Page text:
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Poker And Asia

Across the world, we see an explosion of the game of poker. Australian Joe Hachem's big 2005 WSOP win inevitably triggered increased interest in the game Down Under, and lifted the attention of people in the Asia Pacific towards poker. Those in the poker industry in established countries see the vast opportunity for bringing poker competitions to Asia. Already Asia has, in the 6 months prior to the writing of this article, seen at least 3 new tournaments sprouting around the Asian continent. The most famous of these was the Asian Poker Tour held in Singapore. The APT is a prelude to Singapore's 2 new integrated resorts, of which casinos formed the highlight component.

The integrated resorts are major commercial and residential property developments introduced by the Singapore Government's as its latest initiative to drive the Singapore economy and to grow Singapore into a major tourist destination for the region. But Singapore is not the only destination in Asia with a draw for the poker player's dollar. Macau has, less than a decade after the liberalisation of its casino restrictions, recently surpassed the dominant Las Vegas as the highest revenue generating gambling destination in the world. Perhaps there are benefits to introducing casinos and poker to the Asian region still enjoying rapid economic growth and populated by some two thirds of the world's population. Singapore and Macau in the Asia Pacific are sure to provide many more opportunities to play poker in this region.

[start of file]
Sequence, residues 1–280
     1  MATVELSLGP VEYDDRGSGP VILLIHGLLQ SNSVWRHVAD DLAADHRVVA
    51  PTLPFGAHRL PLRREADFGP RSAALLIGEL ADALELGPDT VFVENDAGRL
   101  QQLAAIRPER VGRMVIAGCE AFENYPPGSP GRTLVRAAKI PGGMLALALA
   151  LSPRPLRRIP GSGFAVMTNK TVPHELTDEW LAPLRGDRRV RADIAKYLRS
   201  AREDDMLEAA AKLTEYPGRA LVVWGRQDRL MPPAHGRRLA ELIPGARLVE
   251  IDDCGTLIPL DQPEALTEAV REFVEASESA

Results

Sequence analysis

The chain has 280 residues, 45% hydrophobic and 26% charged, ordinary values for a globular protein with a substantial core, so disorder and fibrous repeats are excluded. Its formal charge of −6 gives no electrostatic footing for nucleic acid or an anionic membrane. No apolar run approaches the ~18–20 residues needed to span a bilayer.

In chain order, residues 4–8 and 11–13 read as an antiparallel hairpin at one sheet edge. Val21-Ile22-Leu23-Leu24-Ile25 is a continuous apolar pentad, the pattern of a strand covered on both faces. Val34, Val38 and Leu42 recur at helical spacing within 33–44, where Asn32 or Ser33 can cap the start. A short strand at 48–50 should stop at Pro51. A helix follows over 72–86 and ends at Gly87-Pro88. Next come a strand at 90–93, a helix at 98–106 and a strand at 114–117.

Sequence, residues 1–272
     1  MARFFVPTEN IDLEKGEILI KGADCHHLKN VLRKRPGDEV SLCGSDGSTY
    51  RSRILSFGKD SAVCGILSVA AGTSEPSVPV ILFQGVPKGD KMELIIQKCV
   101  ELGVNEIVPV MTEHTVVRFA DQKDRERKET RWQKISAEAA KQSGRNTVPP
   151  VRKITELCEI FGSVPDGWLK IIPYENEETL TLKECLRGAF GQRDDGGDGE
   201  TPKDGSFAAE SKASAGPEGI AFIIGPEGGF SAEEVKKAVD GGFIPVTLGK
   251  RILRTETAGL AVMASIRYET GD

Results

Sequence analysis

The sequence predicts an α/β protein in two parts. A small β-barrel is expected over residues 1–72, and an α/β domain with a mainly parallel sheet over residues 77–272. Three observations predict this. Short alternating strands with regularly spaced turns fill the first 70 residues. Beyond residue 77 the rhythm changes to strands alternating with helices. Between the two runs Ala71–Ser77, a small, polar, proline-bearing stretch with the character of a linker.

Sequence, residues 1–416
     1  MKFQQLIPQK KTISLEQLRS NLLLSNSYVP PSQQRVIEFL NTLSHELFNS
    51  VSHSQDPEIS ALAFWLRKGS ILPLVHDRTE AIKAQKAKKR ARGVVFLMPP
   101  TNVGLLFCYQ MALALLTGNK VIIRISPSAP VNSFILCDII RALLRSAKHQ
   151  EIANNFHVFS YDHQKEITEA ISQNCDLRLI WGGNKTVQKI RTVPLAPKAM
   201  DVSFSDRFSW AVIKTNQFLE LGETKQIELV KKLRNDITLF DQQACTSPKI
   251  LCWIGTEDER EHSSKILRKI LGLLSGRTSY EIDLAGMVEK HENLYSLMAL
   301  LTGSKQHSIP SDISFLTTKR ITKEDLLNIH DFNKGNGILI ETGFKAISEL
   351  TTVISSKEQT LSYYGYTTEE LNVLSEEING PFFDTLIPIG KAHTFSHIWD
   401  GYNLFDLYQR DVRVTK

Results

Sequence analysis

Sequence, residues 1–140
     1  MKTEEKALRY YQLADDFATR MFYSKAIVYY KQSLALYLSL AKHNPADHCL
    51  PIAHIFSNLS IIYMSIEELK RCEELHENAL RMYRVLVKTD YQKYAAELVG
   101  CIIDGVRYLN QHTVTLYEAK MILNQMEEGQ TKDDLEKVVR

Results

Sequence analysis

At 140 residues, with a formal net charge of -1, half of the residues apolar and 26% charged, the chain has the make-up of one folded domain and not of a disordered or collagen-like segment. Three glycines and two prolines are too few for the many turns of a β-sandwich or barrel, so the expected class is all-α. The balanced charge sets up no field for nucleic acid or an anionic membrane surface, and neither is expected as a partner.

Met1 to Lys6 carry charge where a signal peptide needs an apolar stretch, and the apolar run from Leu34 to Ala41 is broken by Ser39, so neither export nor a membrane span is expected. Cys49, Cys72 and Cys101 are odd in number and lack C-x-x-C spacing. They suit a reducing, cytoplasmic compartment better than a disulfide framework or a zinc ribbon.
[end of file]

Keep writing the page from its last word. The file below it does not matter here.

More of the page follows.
All the signs are that poker can be bigger here than it could ever be in Europe and North America. Indeed, with the recent passing of the Unlawful Internet Gambling Enforcement Act in the US, several major companies have adopted the policy of completely restricting US citizens from playing in the US. The result is that these companies are actively promoting their poker games to Europe, Australia, and soon, you will find, Asia as well. There are no borders in the internet and any individual sitting in Manchester, Melbourne or Macau can play poker online. Asia will have its challenges in the development of this industry. Many countries are of conservative values or are still staunch in religions or beliefs and hence that may look poorly upon poker. Of course, the starting perception of poker is as part of gambling and betting and gaming. However, these are no different from issues once faced by poker players in other continents. Indeed, the perception of poker worldwide is changing. There is argument that poker should be seen more as a sport due to the dominance of skill over the element of chance involved in poker.

An increasing number of people do not turn professional to play roulette or other casino games - they turn professional to play poker because there are opportunities to influence the course of game with skill. In any event, as we see from the many tournaments and casinos sprouting around Asia, those that do not get into the industry (with the right regulations and balance) lose out. Poker is coming to Asia, and Asia welcomes poker.


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